Lift, in bereaved acknowledgment
Of their unthinking drums.

~ Emily Dickinson

In this poem, Dickinson seems to be dealing with depression, or at least meditating on suffering and death. She is the “Queen of Calvary,” not sensing resurrection as one might expect, but seeing the rebirths of spring as signs of the fragility and impermanence of life. The robin is in the yard, the daffodils bloom, the bees are back, but these are not the same robins, daffodils and bees that were here last year.

May Opening

May is most
too awfully grand
for this birdsung

All winter I worked
freeze-dried and
to the world dead
in my closed-up

until this annual
now, when May
gives me to
inhale vigor's gist
from its generous

Today I've opened
windows and doors
to let livingness in
and release husks of
flies and moths and

My breathing replete
with May's mixed balm
of aromatic everyness,
I've fallen again fully

~ Alan Harris

Copyright © 2001 by Alan Harris. All rights reserved.
From An Everywhere Oasis at www.alharris.com

Alan Harris creates new word forms as he writes. May is treebreezed, for instance, and the poet lets in the livingness that comes with spring. He has “fallen again fully open” as spring casts it spell on him.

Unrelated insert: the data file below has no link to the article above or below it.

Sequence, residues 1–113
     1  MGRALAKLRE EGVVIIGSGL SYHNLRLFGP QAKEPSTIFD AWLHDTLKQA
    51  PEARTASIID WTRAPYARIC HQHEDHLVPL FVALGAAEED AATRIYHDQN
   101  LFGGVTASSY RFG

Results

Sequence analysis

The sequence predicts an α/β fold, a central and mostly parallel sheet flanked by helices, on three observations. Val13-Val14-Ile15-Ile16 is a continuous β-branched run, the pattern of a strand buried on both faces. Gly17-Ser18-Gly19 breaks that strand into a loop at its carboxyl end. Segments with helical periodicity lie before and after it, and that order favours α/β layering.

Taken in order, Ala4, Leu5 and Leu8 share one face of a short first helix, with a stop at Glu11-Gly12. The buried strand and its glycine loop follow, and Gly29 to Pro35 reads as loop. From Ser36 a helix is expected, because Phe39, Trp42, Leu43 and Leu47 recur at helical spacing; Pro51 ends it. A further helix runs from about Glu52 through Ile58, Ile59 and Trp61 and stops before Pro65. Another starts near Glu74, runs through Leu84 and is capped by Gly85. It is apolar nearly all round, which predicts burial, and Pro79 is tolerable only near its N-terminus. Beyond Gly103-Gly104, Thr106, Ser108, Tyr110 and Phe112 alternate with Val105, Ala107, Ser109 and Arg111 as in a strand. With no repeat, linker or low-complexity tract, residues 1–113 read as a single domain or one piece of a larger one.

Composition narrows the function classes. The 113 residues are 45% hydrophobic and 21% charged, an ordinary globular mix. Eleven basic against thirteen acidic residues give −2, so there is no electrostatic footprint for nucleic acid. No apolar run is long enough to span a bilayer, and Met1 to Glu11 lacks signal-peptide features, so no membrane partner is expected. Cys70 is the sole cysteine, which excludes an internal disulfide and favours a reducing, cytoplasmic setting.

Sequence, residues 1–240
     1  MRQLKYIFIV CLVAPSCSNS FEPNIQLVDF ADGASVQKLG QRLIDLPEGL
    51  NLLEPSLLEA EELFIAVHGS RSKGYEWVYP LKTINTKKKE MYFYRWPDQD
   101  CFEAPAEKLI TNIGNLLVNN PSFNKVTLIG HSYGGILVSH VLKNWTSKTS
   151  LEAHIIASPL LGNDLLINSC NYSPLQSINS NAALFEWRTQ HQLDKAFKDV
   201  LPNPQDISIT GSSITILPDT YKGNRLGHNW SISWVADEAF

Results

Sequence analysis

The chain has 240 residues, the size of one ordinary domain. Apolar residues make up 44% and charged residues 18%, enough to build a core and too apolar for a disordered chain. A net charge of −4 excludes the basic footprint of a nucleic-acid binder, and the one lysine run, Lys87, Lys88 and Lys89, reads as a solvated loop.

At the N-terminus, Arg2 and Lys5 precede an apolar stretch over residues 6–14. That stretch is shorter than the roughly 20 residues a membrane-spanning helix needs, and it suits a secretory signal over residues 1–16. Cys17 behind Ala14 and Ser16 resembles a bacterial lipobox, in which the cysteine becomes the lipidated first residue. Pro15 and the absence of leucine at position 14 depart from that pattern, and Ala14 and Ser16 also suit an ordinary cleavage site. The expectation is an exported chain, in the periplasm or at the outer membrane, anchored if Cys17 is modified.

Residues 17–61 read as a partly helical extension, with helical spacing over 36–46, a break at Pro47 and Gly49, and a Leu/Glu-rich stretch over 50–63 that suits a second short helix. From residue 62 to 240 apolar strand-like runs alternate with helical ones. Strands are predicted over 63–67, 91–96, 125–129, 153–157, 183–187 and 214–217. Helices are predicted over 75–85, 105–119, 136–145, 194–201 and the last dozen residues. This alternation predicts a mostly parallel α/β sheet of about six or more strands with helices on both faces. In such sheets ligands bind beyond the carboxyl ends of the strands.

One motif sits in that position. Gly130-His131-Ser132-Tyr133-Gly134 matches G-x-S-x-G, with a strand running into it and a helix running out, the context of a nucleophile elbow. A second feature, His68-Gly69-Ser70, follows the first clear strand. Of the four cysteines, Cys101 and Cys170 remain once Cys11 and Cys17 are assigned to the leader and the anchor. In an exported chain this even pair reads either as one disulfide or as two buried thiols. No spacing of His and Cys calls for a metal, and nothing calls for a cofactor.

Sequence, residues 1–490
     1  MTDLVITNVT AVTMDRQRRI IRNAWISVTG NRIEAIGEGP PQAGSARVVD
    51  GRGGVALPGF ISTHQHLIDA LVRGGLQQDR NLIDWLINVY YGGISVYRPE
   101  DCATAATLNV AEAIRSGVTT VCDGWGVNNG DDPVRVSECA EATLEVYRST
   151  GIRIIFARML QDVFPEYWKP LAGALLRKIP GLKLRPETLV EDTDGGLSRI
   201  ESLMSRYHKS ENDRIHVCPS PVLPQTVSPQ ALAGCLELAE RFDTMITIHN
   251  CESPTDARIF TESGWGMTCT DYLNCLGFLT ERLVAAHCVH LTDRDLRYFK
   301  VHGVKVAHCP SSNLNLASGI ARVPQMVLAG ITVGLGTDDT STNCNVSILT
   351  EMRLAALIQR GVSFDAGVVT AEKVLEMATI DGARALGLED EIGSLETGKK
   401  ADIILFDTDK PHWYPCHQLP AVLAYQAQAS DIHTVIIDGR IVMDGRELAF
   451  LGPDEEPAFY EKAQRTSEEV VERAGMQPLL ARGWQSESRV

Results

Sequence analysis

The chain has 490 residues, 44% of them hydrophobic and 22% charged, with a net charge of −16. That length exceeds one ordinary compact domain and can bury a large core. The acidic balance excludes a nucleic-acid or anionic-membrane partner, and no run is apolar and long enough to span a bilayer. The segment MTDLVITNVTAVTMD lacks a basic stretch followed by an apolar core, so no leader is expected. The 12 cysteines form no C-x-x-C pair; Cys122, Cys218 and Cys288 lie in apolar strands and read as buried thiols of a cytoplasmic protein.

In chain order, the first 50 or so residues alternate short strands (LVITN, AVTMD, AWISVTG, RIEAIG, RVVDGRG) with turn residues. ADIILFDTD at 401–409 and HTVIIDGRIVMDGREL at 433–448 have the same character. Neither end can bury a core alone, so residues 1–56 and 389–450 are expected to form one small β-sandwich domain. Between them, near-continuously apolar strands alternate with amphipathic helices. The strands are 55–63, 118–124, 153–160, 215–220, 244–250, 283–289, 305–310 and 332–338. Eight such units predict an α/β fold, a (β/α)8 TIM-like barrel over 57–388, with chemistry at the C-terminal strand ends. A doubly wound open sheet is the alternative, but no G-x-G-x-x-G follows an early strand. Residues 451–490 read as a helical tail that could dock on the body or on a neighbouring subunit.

such commotion
it can only be
first love

I don't recall ever seeing
so fresh a green

~ William Marr

Originally published in Selected Poems of William Marr (The World Contemporary Poetry Series, The Milky Way Publishing Co., Hong Kong, 2003).

This poem, like the ones by Teasdale, Dunbar, and Harris, shows a love of spring. Marr is known for the succinctness of his poems. He says a lot in a few words.

The May Challenge:

The May Challenge is to submit a poem featuring a poem about spring or featuring a spring month. If you live south of the equator, of course, those spring months are different months than spring in Illinois—but you can write about spring where you live.

Your poem may be free verse or formal. If you use a form, please identify the form when you submit your poem.

Title your poem unless it is a form that does not use titles. Single-space and don’t use lines that are overly long (because the blog format doesn’t accommodate long lines). Read previous poems on the blog to see what line lengths can be accommodated.

You may submit a published poem if you retain copyright, but please include publication data. This applies to poems published in books, journals, newspapers, or on the Internet.

The deadline is May 15. Poems submitted after the deadline will not be considered. There is no charge to enter, so there are no monetary rewards; however winners are published on this blog. Please don’t stray too far from “family-friendly” language (some children read this blog). No simultaneous submissions, please. You should know by the end of the month whether or not your poem will be published on this blog. Decision of the judge or judges is final.